Sunday, July 13, 2008

Speaking Proficiency Level

Most language teachers and learners don’t know about speaking proficiency level. Once, I encountered a student who was very upset because I gave him mid intermediate level in speaking. Most of his language teachers considered his speaking level as advanced. I felt guilty at the same time felt sorry for the student; he seemed very disappointed.
I just don’t know how teachers based their speaking proficiency level. I think, some language teachers or tutors are not just aware of the standard definition of proficiency level. I came across with this ACTFL (American Council on the Teaching of Foreign Languages) Proficiency Level Guidelines when I was studying English Language Teaching. Its set of standard is continuously studied, researched, re-evaluated and improved since 1986.
Below are ACTFL generic speaking descriptions. Thus, if ever students ask about their speaking level just check on which level he/she falls.
Low Beginners-Can't produce a sentence. However, if guided by questions, they can produce common words, tell name or exchange greeting.
Mid Beginners-It takes time for them to produce a simple sentence. They are out of words, and still commit grammatical errors. Moreover, they still can’t respond correctly to question.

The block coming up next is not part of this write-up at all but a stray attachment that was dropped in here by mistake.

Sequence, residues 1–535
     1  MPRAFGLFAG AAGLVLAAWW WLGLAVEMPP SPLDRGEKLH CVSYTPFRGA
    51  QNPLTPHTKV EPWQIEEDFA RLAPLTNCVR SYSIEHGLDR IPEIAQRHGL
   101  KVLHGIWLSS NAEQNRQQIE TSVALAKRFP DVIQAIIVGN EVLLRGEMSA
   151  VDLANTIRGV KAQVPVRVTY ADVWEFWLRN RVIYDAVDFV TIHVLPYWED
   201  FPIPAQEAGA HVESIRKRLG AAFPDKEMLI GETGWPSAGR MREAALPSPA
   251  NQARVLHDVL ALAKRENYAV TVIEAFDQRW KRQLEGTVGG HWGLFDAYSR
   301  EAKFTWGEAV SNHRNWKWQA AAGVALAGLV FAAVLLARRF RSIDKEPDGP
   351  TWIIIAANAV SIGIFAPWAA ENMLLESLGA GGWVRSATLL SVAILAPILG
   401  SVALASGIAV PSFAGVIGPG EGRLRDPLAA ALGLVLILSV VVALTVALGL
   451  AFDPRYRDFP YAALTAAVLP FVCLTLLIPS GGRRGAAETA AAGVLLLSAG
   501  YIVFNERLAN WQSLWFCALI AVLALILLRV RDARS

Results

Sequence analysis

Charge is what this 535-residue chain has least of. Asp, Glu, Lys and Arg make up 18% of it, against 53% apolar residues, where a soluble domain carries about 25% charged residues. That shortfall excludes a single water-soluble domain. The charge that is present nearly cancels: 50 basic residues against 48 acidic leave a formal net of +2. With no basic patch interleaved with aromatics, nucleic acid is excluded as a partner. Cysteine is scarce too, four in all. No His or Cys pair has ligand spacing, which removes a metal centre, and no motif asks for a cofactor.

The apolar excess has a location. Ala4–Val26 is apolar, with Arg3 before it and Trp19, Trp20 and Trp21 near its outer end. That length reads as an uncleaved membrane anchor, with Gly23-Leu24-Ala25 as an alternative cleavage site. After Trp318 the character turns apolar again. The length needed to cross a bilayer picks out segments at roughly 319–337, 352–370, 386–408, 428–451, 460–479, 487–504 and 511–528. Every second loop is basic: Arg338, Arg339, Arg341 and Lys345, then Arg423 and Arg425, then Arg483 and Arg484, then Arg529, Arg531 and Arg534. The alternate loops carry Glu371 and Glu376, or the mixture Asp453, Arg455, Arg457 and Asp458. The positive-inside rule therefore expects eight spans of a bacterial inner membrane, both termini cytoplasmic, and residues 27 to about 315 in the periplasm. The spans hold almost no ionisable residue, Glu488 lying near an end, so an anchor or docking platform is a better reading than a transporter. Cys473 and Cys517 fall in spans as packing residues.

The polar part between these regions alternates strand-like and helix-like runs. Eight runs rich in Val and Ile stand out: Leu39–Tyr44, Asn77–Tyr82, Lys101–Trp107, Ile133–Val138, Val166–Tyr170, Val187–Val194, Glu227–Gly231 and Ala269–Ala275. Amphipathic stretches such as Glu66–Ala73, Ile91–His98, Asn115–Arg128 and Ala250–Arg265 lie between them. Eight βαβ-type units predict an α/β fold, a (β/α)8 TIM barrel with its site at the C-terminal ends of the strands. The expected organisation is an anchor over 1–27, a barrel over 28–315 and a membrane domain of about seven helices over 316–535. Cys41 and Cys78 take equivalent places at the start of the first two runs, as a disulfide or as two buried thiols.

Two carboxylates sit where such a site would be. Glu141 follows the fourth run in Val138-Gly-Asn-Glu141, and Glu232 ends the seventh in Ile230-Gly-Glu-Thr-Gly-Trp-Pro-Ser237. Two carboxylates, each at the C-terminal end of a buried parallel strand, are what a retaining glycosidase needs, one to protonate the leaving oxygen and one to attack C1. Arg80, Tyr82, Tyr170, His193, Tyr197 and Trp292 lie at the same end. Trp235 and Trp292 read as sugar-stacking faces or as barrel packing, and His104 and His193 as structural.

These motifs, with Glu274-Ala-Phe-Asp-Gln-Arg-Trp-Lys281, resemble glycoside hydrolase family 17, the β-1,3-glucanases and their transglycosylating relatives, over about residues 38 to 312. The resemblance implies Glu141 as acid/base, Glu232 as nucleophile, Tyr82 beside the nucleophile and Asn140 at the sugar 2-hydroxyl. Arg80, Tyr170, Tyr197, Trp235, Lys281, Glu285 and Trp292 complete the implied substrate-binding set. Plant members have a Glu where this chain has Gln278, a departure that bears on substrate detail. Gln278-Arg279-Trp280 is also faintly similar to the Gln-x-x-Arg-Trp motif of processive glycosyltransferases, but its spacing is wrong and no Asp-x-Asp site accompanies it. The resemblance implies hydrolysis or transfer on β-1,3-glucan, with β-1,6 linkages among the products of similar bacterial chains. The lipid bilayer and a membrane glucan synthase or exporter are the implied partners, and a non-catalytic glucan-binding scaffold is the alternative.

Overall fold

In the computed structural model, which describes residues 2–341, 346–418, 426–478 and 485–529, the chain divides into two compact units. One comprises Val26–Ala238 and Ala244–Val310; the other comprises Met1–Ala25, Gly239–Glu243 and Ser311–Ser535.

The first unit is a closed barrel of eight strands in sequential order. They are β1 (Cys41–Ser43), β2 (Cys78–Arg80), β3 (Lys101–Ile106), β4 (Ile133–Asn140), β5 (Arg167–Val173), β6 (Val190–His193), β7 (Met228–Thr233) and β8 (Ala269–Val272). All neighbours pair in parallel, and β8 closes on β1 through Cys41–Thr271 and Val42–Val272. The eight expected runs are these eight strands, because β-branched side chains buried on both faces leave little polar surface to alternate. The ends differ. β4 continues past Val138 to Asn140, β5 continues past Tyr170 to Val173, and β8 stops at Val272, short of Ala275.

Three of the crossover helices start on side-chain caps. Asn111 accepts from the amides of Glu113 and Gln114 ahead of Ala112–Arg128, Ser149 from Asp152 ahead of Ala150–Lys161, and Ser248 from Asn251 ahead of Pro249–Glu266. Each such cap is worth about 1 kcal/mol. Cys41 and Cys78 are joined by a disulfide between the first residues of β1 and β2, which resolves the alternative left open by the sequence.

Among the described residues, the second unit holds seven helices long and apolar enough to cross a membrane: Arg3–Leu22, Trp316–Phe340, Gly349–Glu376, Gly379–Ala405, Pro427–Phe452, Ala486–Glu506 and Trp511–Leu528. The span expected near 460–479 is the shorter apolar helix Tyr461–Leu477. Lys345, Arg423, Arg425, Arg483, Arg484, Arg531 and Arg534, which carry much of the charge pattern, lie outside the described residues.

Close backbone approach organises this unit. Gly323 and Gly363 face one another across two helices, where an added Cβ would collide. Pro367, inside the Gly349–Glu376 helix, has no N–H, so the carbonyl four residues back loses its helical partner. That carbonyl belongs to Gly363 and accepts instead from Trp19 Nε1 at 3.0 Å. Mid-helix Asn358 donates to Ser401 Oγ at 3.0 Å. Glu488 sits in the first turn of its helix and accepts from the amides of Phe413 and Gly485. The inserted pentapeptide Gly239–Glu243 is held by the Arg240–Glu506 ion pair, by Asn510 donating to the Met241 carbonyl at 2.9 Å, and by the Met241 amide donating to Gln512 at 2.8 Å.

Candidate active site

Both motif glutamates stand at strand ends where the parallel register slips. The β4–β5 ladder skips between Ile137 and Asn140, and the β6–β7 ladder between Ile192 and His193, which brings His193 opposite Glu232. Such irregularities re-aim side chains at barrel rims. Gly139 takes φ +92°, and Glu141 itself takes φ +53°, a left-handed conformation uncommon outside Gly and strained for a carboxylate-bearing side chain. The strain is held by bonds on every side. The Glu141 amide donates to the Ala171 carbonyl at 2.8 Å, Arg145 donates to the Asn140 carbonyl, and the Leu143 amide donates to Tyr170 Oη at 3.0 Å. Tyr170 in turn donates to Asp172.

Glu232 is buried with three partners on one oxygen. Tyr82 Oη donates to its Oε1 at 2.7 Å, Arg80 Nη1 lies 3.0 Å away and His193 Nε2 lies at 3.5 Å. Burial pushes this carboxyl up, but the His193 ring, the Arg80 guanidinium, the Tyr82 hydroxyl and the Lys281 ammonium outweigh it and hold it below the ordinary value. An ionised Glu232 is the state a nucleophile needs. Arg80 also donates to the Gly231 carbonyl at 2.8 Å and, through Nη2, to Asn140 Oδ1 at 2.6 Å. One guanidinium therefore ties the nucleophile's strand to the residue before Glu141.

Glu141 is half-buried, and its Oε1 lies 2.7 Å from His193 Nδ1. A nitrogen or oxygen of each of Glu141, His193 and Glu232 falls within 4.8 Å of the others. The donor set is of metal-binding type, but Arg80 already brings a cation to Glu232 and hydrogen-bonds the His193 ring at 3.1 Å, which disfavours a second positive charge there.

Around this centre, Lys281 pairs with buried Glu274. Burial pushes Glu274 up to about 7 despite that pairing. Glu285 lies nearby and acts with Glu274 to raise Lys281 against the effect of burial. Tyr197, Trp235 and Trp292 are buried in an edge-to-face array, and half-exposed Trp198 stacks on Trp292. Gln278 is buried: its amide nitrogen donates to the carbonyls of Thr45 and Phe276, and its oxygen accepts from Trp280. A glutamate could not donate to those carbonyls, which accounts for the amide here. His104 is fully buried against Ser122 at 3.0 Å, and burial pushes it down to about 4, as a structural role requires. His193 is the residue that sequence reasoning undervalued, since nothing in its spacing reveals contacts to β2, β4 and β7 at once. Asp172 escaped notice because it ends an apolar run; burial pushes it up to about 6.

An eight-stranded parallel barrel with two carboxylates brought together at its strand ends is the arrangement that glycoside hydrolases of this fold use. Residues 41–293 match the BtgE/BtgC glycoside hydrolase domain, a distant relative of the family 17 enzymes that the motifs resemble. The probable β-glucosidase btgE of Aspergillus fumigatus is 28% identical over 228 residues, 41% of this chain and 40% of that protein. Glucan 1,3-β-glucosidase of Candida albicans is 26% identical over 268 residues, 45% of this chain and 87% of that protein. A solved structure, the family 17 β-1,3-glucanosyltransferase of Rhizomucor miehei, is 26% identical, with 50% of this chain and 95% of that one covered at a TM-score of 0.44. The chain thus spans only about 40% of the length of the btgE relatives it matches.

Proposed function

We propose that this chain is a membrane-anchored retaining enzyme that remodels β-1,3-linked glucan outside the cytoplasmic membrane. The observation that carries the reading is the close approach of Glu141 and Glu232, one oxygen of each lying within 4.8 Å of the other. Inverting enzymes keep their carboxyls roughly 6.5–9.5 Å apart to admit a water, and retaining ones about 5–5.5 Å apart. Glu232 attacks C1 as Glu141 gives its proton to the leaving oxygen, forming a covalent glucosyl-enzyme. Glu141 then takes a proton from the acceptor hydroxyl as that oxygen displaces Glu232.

High Beginners-They can talk about topics that are familiar to them. However, their sentences are short and erroneous.
Lower Intermediates-They can ask and answer questions about activities and family. They also know how to use languages in ordering foods and making purchases.
Mid Intermediates-They can talk about basic topics and could talk about topics beyond their basic needs. They can make longer sentences; however, their sentences are still erroneous. There is till long pauses between sentences and pronunciation is still influenced by first language.
High Intermediates. They can initiate simple conversations. Their interlocutor could understand them better. But still, they have limited vocabulary.
Advanced- They can participate meaningfully in a conversation. They can make paragraph-length utterances. They can also narrate and describe events. Native speaker can understand them well.
 I just hope that all Language Institutions will use a universal speaking proficiency guideline to be able to assess language learners better. Moreover, using a universal speaking proficiency description could help language learners gauge their learning progress.

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